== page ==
Thwack! Tennis Returns to Fair Haven Fields

October 8, 2017
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By Jay Cook |

Mayor Ben Lucarelli cut the ribbon at the newly refurbished Fair Haven tennis courts on Thursday. The courts will also be used for Pickleball.

FAIR HAVEN – It’s time to knock the dust off those tennis shoes.

The long-awaited rejuvenation of the town’s tennis courts is finally finished.

The tennis facilities at Fair Haven Fields, off RidgeRoad, are remarkably improved thanks to an interlocal funding agreement between Fair Haven’s governing body and the Rumson-Fair Haven Regional school district, Mayor Benjamin Lucarelli said at a ribbon cutting on Sept. 28.

The $370,000 cost was equally split between the two parties for the total refurbishment of the park’s four existing tennis courts, as well as the addition of a fifth court.

Lucarelli said the borough had been looking at a $250,000-plus price tag to do the work on its own, considering the “courts were shot, they were unplayable” prior to the improvements.

Two of the five courts are now also lined for Pickleball, a sport combining tennis, tables tennis, and badminton, played with an oversized ball. It’s “the fastest growing sport in the nation,” said Kim Smith, a representative with the United States Pickleball Association.

Lengthy talks between the borough and the school district preceded the year long project. Not only were the court surfaces visibly splitting apart, but RFH athletes were bouncing between venues during practice and games. The high school grounds provided three courts, and two more were used at Piping Rock Memorial Park, located across from the high school on Forrest Avenue.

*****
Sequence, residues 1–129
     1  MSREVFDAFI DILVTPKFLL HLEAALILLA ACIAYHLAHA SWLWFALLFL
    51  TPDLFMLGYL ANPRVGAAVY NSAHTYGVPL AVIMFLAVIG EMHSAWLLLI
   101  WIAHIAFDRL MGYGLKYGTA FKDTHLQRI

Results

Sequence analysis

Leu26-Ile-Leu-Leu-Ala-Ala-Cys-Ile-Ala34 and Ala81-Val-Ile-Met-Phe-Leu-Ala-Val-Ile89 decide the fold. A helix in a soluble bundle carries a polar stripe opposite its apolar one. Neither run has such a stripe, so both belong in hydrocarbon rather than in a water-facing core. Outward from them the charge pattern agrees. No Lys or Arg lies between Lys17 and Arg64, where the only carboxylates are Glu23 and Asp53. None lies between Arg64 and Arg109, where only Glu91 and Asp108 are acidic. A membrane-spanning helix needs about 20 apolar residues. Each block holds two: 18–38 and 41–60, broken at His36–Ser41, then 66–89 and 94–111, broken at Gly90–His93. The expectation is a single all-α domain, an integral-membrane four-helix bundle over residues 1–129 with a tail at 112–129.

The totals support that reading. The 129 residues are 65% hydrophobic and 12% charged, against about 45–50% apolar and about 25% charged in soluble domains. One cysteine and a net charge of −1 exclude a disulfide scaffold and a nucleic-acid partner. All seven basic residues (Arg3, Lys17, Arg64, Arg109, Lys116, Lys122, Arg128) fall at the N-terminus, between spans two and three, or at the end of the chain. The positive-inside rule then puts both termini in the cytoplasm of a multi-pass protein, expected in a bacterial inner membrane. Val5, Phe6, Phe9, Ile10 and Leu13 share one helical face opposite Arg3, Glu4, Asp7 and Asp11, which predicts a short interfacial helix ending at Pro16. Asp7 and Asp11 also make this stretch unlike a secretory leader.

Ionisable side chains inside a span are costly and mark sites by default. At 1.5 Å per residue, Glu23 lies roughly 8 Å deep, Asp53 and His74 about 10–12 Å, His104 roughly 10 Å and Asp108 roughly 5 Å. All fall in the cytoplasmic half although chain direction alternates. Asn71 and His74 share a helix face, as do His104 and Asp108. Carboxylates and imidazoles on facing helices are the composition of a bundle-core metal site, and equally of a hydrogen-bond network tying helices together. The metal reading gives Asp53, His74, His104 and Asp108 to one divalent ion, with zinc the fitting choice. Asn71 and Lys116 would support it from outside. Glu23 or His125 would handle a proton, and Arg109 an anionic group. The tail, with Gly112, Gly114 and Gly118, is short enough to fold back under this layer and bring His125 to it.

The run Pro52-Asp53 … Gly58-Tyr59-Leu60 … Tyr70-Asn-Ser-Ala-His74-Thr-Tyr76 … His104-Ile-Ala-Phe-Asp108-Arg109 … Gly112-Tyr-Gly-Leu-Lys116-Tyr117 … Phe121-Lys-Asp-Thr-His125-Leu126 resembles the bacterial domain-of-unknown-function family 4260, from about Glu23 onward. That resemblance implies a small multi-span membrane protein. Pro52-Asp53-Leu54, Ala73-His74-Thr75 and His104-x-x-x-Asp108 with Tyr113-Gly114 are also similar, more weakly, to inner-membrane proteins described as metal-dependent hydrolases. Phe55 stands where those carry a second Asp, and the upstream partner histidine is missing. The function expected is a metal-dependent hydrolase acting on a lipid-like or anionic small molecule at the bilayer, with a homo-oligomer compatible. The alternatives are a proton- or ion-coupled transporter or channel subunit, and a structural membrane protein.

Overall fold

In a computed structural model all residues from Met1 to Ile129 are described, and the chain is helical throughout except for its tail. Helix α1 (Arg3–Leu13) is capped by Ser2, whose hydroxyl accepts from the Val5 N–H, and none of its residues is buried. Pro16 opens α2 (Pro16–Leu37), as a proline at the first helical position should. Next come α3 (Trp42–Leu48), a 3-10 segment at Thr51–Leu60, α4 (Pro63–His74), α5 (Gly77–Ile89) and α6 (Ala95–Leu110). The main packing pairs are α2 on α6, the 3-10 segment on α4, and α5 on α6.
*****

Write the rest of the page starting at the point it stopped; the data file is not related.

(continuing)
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Rumon-Fair Haven students will use the courts for daily practice during their season.

It had caused quite a disadvantage, said RFH athletic director Chris Lanzalotto.

“With the success of our boys and girls, it happens every single season where we get to a point where have a home court advantage, but we have to either play at our opponent or play on someone else’s court,” he said, noting additional supervision issues arose from the significant distance between both locations.

RFH’s girls tennis team will primarily use the courts in the fall. The high school’s boys tennis team, as well as Knollwood Elementary School’s boys tennis team, are planning to play there in the spring seasons.

But most importantly, “these are public courts,” said DJ Breckenridge, the borough’s recreation director.

While students would use the courts weekdays from

3:30 to 6:30 p.m. for about four to five months, they will be open to the public the rest of the time, Breckenridge said.

He said borough residents have consistently inquired about installing areas for Pickleball, leading to the two cour ts being additionally lined for the new sport. It’s “growing amongst active adults and even seniors as well,” Breckenridge added.

On Sunday, Oct. 8, Fair Haven will be hosting its first free adult Pickleball clinic beginning at 12:30 p.m. at Fair Haven Fields. All necessary equipment will be provided by the borough. Similar Pickleball programs and courts have been recently introduced through the Monmouth County Park System and the Red Bank YMCA.

The tennis courts officially opened with a match between RFH and Mater Dei Prep on Sept. 28. Tom Rumage, who was watching his granddaughter Jamie Rumage play, said it’s a relief to have these new courts in service.

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“It’s a good project, certainly the right thing to do,” he said. “I think it’s a community thing – Rumson and Fair Haven.”

This article originally appeared in the Oct. 5-12, 2017 print edition of The Two River Times.

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